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"Selling merchandising is fantastic because you win twice: You can't sell t-shirts, buttons, all kinds of things to your fan base, and you can make a little profit from that. In addition, they will now proudly wear your t-shirts and effectively advertise for you." - Jan 'Yarn' Muths

In this episode

  • A basic guide on how to make money with your music.

  • A look into the past: How did we go from $200k budgets for an album in the 90s to next-to-no budgets today?

  • Fundamentals of Copyright Collection Organisations

  • Distribution Services

  • Sync Licensing

  • Gigs, gigs, gigs

  • Merchandising

  • Subscriptions

...

About the 

host

With over 2 decades of recording, mixing and music production experience, Muths interviews musicians, producers and engineers from the Australian East Coast and the world. Always curious about production workflows, gear, software, techniques, and strategies. The Production Talk podcast is a must-listen for anyone interested in music production from the Northern Rivers and far beyond.

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The Production Talk Podcast - The modern way of producing music

Announcing the Gear Give-Away, thanks to Byron Music and CMI Music & Audio.

Win an AKG Lyra microphone and an AKG K371 headphone!

What do you need to do to win:

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  2. Add the HashTag #ProductionTalkPodcast

  3. Entries will be considered up until Monday Dec 6th, 2021 5pm (AEST)


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Jan 'Yarn' Muths or mixartist.com.au, in the studio

Contact the podcast host Jan 'Yarn' Muths at mixartist.com.au

Disclaimer: The Production Talk Podcast is independent of (and not related to) my teaching responsibilities at SAE.

transcript

Transcript

(auto-generated by a robot - please forgive the occasional error)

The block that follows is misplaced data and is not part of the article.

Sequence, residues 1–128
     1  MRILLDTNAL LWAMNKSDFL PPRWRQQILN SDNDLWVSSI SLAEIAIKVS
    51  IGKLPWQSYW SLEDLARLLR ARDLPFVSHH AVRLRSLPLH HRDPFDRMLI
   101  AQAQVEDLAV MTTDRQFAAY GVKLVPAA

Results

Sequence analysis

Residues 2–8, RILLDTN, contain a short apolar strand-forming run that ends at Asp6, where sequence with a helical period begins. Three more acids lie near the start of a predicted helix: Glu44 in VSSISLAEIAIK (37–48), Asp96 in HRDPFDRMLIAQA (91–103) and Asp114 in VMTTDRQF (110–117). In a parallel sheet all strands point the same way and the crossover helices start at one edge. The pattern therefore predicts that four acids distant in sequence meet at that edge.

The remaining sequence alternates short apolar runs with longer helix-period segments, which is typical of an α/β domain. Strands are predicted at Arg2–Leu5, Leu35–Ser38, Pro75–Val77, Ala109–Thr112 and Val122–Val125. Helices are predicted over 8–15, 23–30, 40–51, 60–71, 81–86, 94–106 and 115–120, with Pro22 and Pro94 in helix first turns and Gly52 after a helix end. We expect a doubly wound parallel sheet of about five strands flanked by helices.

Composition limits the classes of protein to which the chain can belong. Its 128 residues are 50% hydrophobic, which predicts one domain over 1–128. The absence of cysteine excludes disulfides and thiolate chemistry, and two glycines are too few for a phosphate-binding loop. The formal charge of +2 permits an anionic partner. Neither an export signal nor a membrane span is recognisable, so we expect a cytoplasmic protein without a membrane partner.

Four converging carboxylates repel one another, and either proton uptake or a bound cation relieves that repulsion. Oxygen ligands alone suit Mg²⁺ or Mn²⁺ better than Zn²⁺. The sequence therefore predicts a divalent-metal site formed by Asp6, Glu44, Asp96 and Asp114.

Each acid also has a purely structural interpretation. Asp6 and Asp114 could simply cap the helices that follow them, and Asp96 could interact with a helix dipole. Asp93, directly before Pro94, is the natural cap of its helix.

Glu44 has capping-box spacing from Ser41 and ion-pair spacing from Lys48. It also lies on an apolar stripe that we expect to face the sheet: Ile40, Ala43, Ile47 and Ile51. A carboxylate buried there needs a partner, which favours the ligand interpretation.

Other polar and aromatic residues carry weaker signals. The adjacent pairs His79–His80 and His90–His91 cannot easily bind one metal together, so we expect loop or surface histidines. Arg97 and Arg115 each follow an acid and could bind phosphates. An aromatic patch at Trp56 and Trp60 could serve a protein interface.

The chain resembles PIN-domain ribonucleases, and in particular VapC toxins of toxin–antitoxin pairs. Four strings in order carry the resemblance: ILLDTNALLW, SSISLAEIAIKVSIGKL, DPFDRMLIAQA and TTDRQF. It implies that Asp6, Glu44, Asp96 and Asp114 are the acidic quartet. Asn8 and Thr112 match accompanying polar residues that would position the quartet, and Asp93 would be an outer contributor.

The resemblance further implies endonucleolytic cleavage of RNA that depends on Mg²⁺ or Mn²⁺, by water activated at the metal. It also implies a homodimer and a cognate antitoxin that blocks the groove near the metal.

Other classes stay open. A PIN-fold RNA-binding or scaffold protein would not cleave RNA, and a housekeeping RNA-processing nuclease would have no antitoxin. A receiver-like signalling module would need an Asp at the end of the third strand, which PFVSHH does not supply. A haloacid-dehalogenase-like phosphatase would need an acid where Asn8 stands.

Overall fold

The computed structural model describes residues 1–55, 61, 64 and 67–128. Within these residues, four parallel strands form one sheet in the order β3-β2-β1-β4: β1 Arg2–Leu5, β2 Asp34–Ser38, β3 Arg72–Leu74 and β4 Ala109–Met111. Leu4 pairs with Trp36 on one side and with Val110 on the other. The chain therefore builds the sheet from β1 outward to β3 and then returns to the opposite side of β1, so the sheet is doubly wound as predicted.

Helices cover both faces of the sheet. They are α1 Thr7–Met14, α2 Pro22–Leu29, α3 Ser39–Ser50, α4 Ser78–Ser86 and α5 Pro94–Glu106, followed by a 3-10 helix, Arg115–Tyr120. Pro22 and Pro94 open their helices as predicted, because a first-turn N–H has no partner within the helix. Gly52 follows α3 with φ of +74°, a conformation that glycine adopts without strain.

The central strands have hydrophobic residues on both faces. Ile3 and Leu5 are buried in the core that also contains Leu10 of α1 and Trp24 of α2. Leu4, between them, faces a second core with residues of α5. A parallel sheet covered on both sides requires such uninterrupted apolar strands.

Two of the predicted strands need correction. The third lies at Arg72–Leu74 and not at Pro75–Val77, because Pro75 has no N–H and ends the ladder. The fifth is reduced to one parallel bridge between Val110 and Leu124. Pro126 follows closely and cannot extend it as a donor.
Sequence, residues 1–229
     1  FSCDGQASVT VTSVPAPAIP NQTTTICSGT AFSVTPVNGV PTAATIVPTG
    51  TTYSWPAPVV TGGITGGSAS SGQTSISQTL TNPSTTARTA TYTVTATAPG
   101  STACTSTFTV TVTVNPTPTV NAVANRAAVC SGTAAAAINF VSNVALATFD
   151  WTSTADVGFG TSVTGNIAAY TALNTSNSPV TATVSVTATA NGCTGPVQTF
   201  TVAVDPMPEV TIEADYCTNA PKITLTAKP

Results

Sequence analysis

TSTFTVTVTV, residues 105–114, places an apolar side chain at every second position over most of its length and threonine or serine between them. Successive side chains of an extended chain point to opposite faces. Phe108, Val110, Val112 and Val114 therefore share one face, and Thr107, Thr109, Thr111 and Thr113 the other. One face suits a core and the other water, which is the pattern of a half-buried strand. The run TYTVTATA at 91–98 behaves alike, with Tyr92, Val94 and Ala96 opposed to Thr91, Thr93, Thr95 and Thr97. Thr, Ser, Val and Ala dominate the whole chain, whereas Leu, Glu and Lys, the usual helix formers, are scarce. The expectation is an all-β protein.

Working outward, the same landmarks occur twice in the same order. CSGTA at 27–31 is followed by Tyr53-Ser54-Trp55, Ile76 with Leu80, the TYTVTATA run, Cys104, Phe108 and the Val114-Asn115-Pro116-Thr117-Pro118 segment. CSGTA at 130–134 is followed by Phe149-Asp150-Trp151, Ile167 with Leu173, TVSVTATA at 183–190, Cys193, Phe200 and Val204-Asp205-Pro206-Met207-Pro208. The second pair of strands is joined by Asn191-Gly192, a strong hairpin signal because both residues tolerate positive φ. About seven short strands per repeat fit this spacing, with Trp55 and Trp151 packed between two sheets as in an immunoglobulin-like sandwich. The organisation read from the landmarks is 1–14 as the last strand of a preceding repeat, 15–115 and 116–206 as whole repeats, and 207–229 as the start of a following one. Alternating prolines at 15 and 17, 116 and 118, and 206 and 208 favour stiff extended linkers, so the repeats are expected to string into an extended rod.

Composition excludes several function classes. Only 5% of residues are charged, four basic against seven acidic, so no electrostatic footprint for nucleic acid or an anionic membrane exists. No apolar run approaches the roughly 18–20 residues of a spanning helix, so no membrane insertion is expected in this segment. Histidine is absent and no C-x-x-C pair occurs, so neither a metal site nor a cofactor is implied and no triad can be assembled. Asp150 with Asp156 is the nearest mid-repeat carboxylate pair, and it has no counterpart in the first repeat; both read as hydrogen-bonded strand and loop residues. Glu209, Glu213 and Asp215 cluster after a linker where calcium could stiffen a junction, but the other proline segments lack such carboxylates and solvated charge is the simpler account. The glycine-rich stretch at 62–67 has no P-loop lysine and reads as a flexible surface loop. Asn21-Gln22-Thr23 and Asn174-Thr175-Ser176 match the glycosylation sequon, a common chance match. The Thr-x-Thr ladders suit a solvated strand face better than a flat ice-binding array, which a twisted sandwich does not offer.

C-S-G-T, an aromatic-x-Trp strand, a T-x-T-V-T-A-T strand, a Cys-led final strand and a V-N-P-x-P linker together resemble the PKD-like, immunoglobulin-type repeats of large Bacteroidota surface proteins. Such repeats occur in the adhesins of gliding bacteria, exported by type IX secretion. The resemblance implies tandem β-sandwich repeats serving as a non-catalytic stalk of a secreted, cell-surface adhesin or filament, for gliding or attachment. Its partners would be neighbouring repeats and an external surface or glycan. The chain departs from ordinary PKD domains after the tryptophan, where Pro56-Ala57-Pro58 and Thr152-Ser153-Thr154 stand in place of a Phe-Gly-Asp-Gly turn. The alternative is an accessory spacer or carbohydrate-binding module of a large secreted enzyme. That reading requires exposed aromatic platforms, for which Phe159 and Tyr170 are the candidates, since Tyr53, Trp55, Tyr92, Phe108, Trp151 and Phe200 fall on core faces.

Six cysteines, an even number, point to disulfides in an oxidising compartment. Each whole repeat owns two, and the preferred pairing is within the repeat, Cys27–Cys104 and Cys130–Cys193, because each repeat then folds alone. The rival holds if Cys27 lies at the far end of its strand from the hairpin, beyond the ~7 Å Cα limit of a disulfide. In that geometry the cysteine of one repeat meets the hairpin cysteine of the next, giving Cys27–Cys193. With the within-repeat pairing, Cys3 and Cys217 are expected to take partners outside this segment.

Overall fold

Hello welcome back to the production talk podcast. It's great to have you on board again. This episode is quite special because the topic that we need to talk about today is probably concerning all of us to well varying degrees today I would like to speak about. Monetizing your music. That's a big subject and there's heaps to say but before we get into this. Let me just quickly make an announcement today for the very first time in this podcast series I would like to announce the gear giveaway feature. This was made possible. Thanks to my friend nick from Byron music and also the amazing folks from Cmi in Melbourne and also thanks to akag who donated a starter kit that we will give away towards the end of the episode. I'm so excited to announce this feature today. So make sure you stick around till the end of the episode if you want to find out how to win. Ok and let's move on so back to the topic today. It's all about monetizing your music. So the funny story about music and. Monetizing music is that look if you were here for the money in the first place chances are you would choose a career as a banker a lawyer or someplace else in the corporate world so making money in music is 1 of the harder ways to to make a living. And I think we are all aware about that. So let's just keep this in mind for now and a lot of us are probably here for the fun of it and for the creative outlet that we get from playing our music. It's actually really good for our mental health and you know in a time where um. We deal with a pandemic and where societies as a whole are more divided than ever. It's music that brings people back together so we need music more than ever these days in my personal opinion. So and let me personally thank you for being a musician and for sticking with it. And not giving up despite the difficulties that we face these days and despite how hard it can be to make money so why is it so hard to make money with with music. Well historically speaking. It's never been really easy. But. But we've certainly had a few developments over the last decades that ah basically led to to the situation that we're in today. So if we just rewind for ah for a moment and go back to let's say the 80 s and ninety s when there was a lot of money in the music industry when. Ah, bands had huge budgets a hundreds of thousands of dollars to produce major records and they booked themselves into studios for months at a time that was a time when ah the music marketing worked quite differently physical sales were the only option back then vinyl and casa tapes. Were the only consumer products that were majorly successful and however then say cds came along and the bosses of the record companies had a huge party because they managed to produce a cheaper product. Ah, City was cheaper to produce than a vinyl record and sell it back to to the people who already had the record and now wanted to switch formats for about well fifty percent more roundabout that depended on which record and where you lived but I remember buying vinyl records for about 20 and then later as a young bloke I bought the same cd for 30 the bosses of the record companies hit the jackpot big time and they had only 1 interest to keep their business model going and going and going ideally uninterrupted. So when the personal computer became more and more popular. Um, they didn't quite see the danger on the horizon people started to um, copy the content of cds to their computers and started to share it freely on the internet. This was the height of platforms such as napster lime wire and so on peer-to-peer Networks where people could freely share music and this led to a lot of music piracy which was not new to the music industry but it was of unprecedented dimensions. So. Effectively music piracy led to a strong decline in record sales and ah the record companies at that time completely missed the opportunity to ah switch their business model and to be. Innovative and sell music online instead. They decided to fight piracy with lawyers that was only mildly successful. Um, at large the consumers changed their behavior and the record companies didn't really see that they were just trying to defend their previous. Business model and and I believe they miss the opportunity because other industries at that time already managed to sell products digitally quite successfully. So unfortunately, um, it took till way into the 2000. Until streaming platforms became a thing and interestingly this was led by ah Apple as well as others that we should mention but not the Apple itunes store was probably 1 of the earlier bigger more successful businesses that provided the. Foundation for today's streaming services by first selling downloads legally at that time the entire consumer market had changed entirely and I remember how friends of mine proudly showed me their little usb hard drives which contained ah 10000 songs as m p 3 s. Each 1 ah compressed down to a megabyte or so they all sounded absolutely terrible but they had a large quantity. Well this is really sad in many ways. But what happened back then was a huge shift in consumer behavior and in the end it was the the businesses who managed to cater for that. Who succeeded and led to the next evolution of the music market but we could definitely talk about the fault here and we can now point the finger at napster and other platforms that we can also point the finger at ah, the consumers who had no other choice but to pirate music online. Because there was literally no legal options at that time. However I don't think that pointing fingers is helpful at all at this stage so we just need to face the fact that the consumers change their behavior the way they listen to music and the big bosses of the record companies. Left that field to to the piracy markets and that's a huge oversight. It's a huge business mistake in my personal opinion. So while record sales declined year by year around this time the touring industry. Ah. Boomed consistently for many many many years so that was somewhat ok because 1 leg of the industry was a decline the other was other 1 was on the rise effectively we saw a reversal from the Ninety s to the 2000 s while in the ninety s many musicians and record companies made their money from selling cities and merchandise and so on and they used the tour to promote more record sales later in the two thousand s it sort of turned upside down while in the mid 2000 s there was not too much money to be made anymore with ah city sales. However, the touring industry got stronger and stronger and effectively than musicians could steal tour and make money this way so in some ways the album became the reason why they could tour again and make money on tour so it went sort of back to front. And that went on for quite some time so the streaming services came in in the mid 2000 s late 2000 s got stronger and stronger in the 2010 s and what we've seen then is that well it's better than piracy because musicians at least get a small amount of money. However, we all know and if you've listened to episode 21 you know my opinion about streaming services. My love-hate relationship that I have with them. But at least they allowed to turn the predominantly pirating industry. Into a certain legal industry online which is by itself of course something that we admire. But we also know how little they pay so that's a real problem and that's ongoing however for a significant time in the twenty ten s this could be compensated by playing gigs. By touring ah and the associated sale of merchandising that went along but then came the pandemic and that changed everything again. So state after state closed their lives on venues and musicians stayed home and that now means that the only remaining. Stream of income is suddenly died out and that's obviously a real problem and many musicians have been struggling significantly since so that's where we're at and in many ways we have hit rock bottom and that's obviously a real concern. However. We can look at it in 2 ways we can look at the glass being half full or the glass being half empty and I personally tend to be um, the optimistic side I like to look at the glass being half full. Um. Just from experience I've observed that most things in life and also in the industry and also in in business come and go in waves and if there is a certain period of high income soon enough eventually it will crash and there will be some kind of an industry overhaul or. Disruption so to speak and I think that's where we are at at this point. So I think we have hit rock bottom and now there will be people who give up and move away and there will be people who stick around and I really hope that you are 1 of the musicians who sticks around right now because I would place a bet. On the music industry picking up again over the next few years covid cannot paralyze the music industry forever. People need music people need live music. People need to come together and dance and I have a dear belief that this will never never ever change. So I predict. That it will pick up again and if you stick around you are the person who will be around when the industry picks up again and that's an opportunity that's an opportunity to rise with the industry and I hope that you take this approach as well. That you take the time now to get yourself ready to write songs to produce your music to have something ready to go when when the doors open again and then rise with it and while the live sound industry might still be a little bit slow here and there. It already has picked up in some countries and that's really good. So um I think now is the time to set up your infrastructure and make sure you are all set up to reap the benefits when the doors open for your local venues and you get more gigs again. So today I'd like to talk about monetizing music and. And so maybe just a couple of general ah thoughts about making money with music I'm of the belief that if you decide to make your music with the sole purpose of making money chances are that's not going to work too. Well I find that. With many things in life and music is definitely 1 of them. You need to create something that speaks to people's hearts and make it available to them. The return will come eventually if you provide benefit to people if you provide something that people love. However. You need to consider that it's a huge investment First you need to learn your instrument. You need to learn songwriting chance you've learned this already if you listen to this podcast but you know how much time you've invested already and that won't stop anytime soon. So you. You cannot make any short-term gains with with music but instead think long-term and set yourself up to make a little bit of money with your first release and then a little bit more with a second and a little bit more with a third and eventually it can turn into something but um. Don't set yourself up for disappointment by expecting significant returns really quickly. This is probably not going to happen. It's the same thing with success in the top 10 or charts. So if you start your music career with the first release and you expect that you. You write a number 1 hit record chances. Are you set yourself up for disappointment that's unrealistic. So most people who get to to the top ah won't get there with their first release. Although this has happened but it's a rare occurrence most of the time people have been around for a long time and consistently. Produced music and then 1 day it just happened and monetizing. Your music is a little bit like that. So what we want to do today is talk about the infrastructure that you need to set up to allow money to return back to you and um. I would like to talk you through a couple of steps that I believe are are important so step number 1 is royalties in every country. There are different organizations that collect royalties and return those back to musicians. Since most of our listeners here are australian I would like to mention apra over here. Appro is the organization that does exactly this. So if you're a musician if you write songs if you perform then you definitely need to register yourself with apra. Again, talking short Tom Gaines here if you expect big dollars straight away. You may set yourself up for disappointment. So here comes step number 1 for your moneymaking infrastructure step number 1 is to set yourself up with an organization that collects royalties for you if you're in australia this would be April however, each country has a different organization. So let's say if you're in the and in the united states this might be the american federation for musicians or if you were in the u k you might need to deal with the author's licensing and collecting society I'm going to put a list with ah different copyright collection organizations in the show notes. For your country. So what do they actually do look every time your music is played. Let's say on a radio station. The radio stations will pay these copyright collection organizations some money for that. And from there it will stream back to the artists who wrote the music and if that's you and you haven't signed up then this money will never show in your bank account. So therefore make sure you sign up with April if you're in australia and look up the show notes for your organization. For other countries. So this is very important because it goes even 1 step further and they also collect money for life performances including your own. So if you perform a gig you can fill out a sheet return this back. And eventually they will collect money for you and return it your way royalties generally speaking start with pennies and cents first so in your first year of being an apro member. You might just make very little money but it's important to set up your infrastructure It's definitely worth it. And the long run because it sort of builds up. It's like compound interest because the more music you release the more it adds up and the music from years ago may still contribute and ah add to to the returns you get every year so with an organization such as aprilpro. Money will automatically flow your way in in most countries, these organizations are for free when you're a musician this could could be different for record companies and so on um, however, you need to check with your organization. Some countries have more than 1 organization. So it may make sense to. Compare and see which 1 gives you the better conditions you can also ask around and see what your fellow music friends do maybe they have recommendations which 1 to choose good. Ok, let's move on. You've signed up for your copyright collection organization such as april. And now the infrastructure is said that every time you produce music and it's played some money can come your way when you release a new song. You need to lock back on and register the song with your organization so they know which songs belong to you. If you're in a band you need to discuss what we call the split. That's usually divided mutually um, depending on the contribution. So usually the songwriters and that the musicians who write the lyrics may get a few more points than let's say a hired studio musician. But in the end, the split is up for you to discuss? Um, so therefore you can sign up and a song can be therefore registered ah to I don't know twenty percent for you and ten percent for somebody else that depends on how you set it up. But make it a personal habit that every time you release music that you lock back onto your account and update your records there so that returns can flow your way over the last few years I've spoken to quite a few musicians and many are already signed up to apram. However, I've also come across quite a few that have never considered and just basically said well I can't be bothed. It's sense anyway. So I don't care well in all honesty I think this is a little bit sad because yes it might be sense in the first year but by not signing up at all and not putting the effort in. You basically rule out any returns for the future. So I would say it's a must do for all active musicians to sign up and make sure that that money can find its way back to you step number 2 choose the right distributor for you. So. Music distribution is something we briefly touched on before there are services that you can upload your music to and they will move the music from there to all the streaming services in the world. Well most of them usually or at least all the big ones. Um. This is important so that your music is available to on many many many platforms and therefore you you get a further reach. We also discussed the pros and cons of that in a different episode I believe it was not in episode 21 where I sort of recommend it to consider cutting out the really low-paying ones? Well you know what? if you want to hear more about this argument. Why don't you just go back and listen to episode 21 1 more time. However, you know I'll leave this up to you of course that's entirely your core some of these services will ask you for a 1 ne-off payment. Other services offer yearly subscriptions some services charge you per song others give you a flat rate and allow you to release as many songs as you want in ah in a certain cycle. Some of these distributors allow only sterrephiles others allow dorby atmos mixes these days there are quite a few differences. For example, some of these distributors allow you to set up a split and then automatically split the income according to how you and your fellow musicians decided to split There are quite a few things to consider so test or check each 1 and make sure you've got the right 1 for for your needs. In this case, it's a little bit of an investment. However, it's necessary in order to see any returns from streaming the question of course is could you. Go directly to the streaming streaming services and the answer is definitely yes, this is possible so you can bypass the distribution steps if you want to however, be prepared to invest a fair bit of menu labor and signing up with all the different services uploading individually. They have different. Requirements. So it's quite a labor-intensive workflow to get your music out to all these streaming services. So therefore a music distributor may be worth the investment I leave this up to you to decide. However, if you want to get your music out there. It's sort of. A common step these days. Let's move on step number 3 have you considered s sinknc licensing so sync licensing effectively is an additional income stream that you can open up in addition to all the streaming. Which means that if you make your music available for sync licensing businesses across the world or individuals across the world can buy a music for a small fee and use it legally let's say in their advertisements or in a tv series or maybe a hollywood blockbuster. That may depend. It's usually something smaller. Maybe even in a podcast. Guess what the music that you listen to at the beginning of my podcast was written by somebody I believe in skininav if I remember correctly it was then put up on a sink licensing service and I bought the license from there to use the music on my podcast. So the money that I spent there will go back to to the music composer the idea behind Sync licensing is that they're Non -exclusive so I don't own the music somebody else might also use the same piece of music and I'm fine with that. So therefore the composer has the ability to sell the music. Not once. But several times although of course the agreements may may differ in in rare cases. Sync licensing is done exclusively. So only 1 brand can buy it and that is usually a lot more expensive if you consider to put out your music via synnc licensing I'd recommend. To produce your music in 2 ways. The normal mix that you submit to the streaming services as well as an instrumental version means without all the vocals this is necessary because in many situations music will become the background for let's say a tv commercial. Or a tv series and the vocals may cause trouble with the dialogue of the tv show. So therefore tv producers often like instrumental music as the background music. The idea is to basically basically do both have your music produced normally for all the streaming services. And make both versions with vocals and without available. Um for sink licensing a couple of the s sinknc licensing services that I would like to point out are pon five music bed epidemic sound and so on there's of course a couple more for more details see the show notes the next step is to book yourself as many gigs as you can and play as many concerts as as possible. The more you wrote there the better of course it's about the income that you get from gigs but that's not all gigs are also a great investment to build. You're following and built your audience I would say that 5 people I would say that the 20 people who dance wildly at your show are worth a lot more than 100 clicks or a thousand clicks on facebook. Because it makes people feel something when they are at a gig with you on stage having just a great time. It's something to remember well a click on Facebook well it's not you know people won't remember that usually so when it comes to gigs make sure that you get paid fairly. Conditions need to be negotiated of course and it is a smarter idea to contact your local ah union for musicians each country usually ah most most countries have unions for musicians and they are probably quite well-equipped to give you fair suggestions for ah for minimum wages. Sooner or later you will come across a venue that just can't afford this much. Well, that's a venue that you should probably apply the eighty twenty principle to and just don't contact anymore instead focus on the ones that do pay fairly and book more gigs there plan out your Year. Plan ahead, many event organizers plan gigs way in advance so set up an online calendar such as a google calendar or something around those lines for your band where everybody's locked in that way. It's easy to book try to team up with other bands. Maybe a band from another city can open up for you for you and your local crowd and in return you can travel to their city and open up for them and their local crowd suddenly you double your reach so and also along the way probably you make some good friends if you can engage with a people. Hang around before and after the show speak to people have a drink together have a good time introduce yourself ask for their names engage with your audience. Don't be distant instead. Build connections talk to them. Ask what they like about it. Ask what other music they like ask them if they want to sign up to your newsletter so they know. When you when you're back in town to meet up next time good and of course gigs lead to another step the next step of course is merchandising if you play gigs without merchandising. Well you miss a great opportunity merchandising is fantastic. Because you win twice. You can't sell t-shirts buttons. What have you patches all kinds of things to your fan base and you can probably make a little profit from that. In addition, they will now proudly wear your your t-shirts and effectively advertise for you. That's fantastic. So it's a win-win situation. It's just not cool. Not to do anything make sure you've got something available sell merchandise through your website or your Facebook page and for every single show make sure you've got some merchandise around merchandising is a great way to generate an additional income There are also online services that make ordering merchandising and selling merchandising very very easy bandcamp is just 1 of those many services that I recommend in in this context so make sure you read read up on that and get started if you don't have merchandising yet. This is a must. Do don't miss out on that and the last step for today is to set up a membership subscription for your diehard fans. This is something that can be done through many websites these days and the idea must be that you allow a certain limited number of people. Extra access to you and your life. It could be that every once in a while you have meet and greets where you hang out online with your fans. It might be that you share additional content, additional videos makingoffs and so on behind behind a certain paywall where people need to subscribe to be part of it. You will be surprised. It seems a little bit unlikely at first but actually diehard fans are happy to do that if they get additional value and to get a bit closer to you so subscription services are actually a good way to make a little bit of additional income. It might not be the right thing for beginners. But for more established acts. This is almost almost compulsory I would say if you don't have this. You definitely miss out. Ok so now let's sum it all up. We've spoken about quite a few different steps each step by itself requires a little bit of work to set it up. And will not immediately generate huge incomes, but the sum of all of it will eventually add up. It's like it's like compound interest the more you fill up your catalog. The more royalties you will see and then don't forget time the longer you are active as a musician. The more followers you will eventually get and the royalties from old releases still come rolling in where the new ones are added so the more music you produce the stronger your catalog grows and eventually the more return you get. It's a work in progress. Do not expect short-term gains plan for the long run but make sure you don't miss any of these core parts because you need to set up your infrastructure now if you want to see returns in the future I know as a matter of fact that I have not yet covered all the possible income streams for musicians. This is just. Some of the standards but it should get you started so getting started is the most important element. So after finishing this podcast make sure you get straight to work. Sign yourself up. There's more information in this in the show notes so get in there and ah click your way around I hope you enjoyed. This episode today. It is time to get back to our podcast giveaway. So thanks again to my friend nick from Bara music who approached me and made all of this possible and thank you very much to cmi in Melbourne. Who were so kind to donate some a k g gear as a giveaway today. So what's up for Grabs a package containing the Akg lyra microphone as well as an a K g k 3 7 1 headphone. So if you want to win this set. Ah, make sure to go online and share this episode with all your friends and tag the production talk podcast in your post. The winner will be drawn from all the posts who share this podcast on their social media when you do so make sure to tag the production talk podcast. The instructions are also in the show notes. So if this was a bit too fast. Please check it out. The winner will be announced next week fingers crossed for you. So this is it for this episode. You have a few things to do I'm sure. Go to the show notes go through it 1 more time. Some of the steps you may have done already. Hopefully there were a couple of steps among that are new to you so get straight into it. Sign yourself up. Make sure you take action and finish up your infrastructure to monetize your music. If you like this episode. Please recommend it to all your friends and all your fellow musicians pass it around from band to band from artist to artist because I think there are lots of musicians out there who could benefit from this episode if you're a new listener welcome so much and thank you so much for joining in today. It's really amazing to have you on board. You can also sign up to our Facebook group. It's called the production talk podcast community I'm there every day of the week and if you want to have a chat reach out to me there for now. Thank you so much for being on board and if you decide to go for the giveaway fingers crossed for you I wish you heaps of luck. Talk to you next week.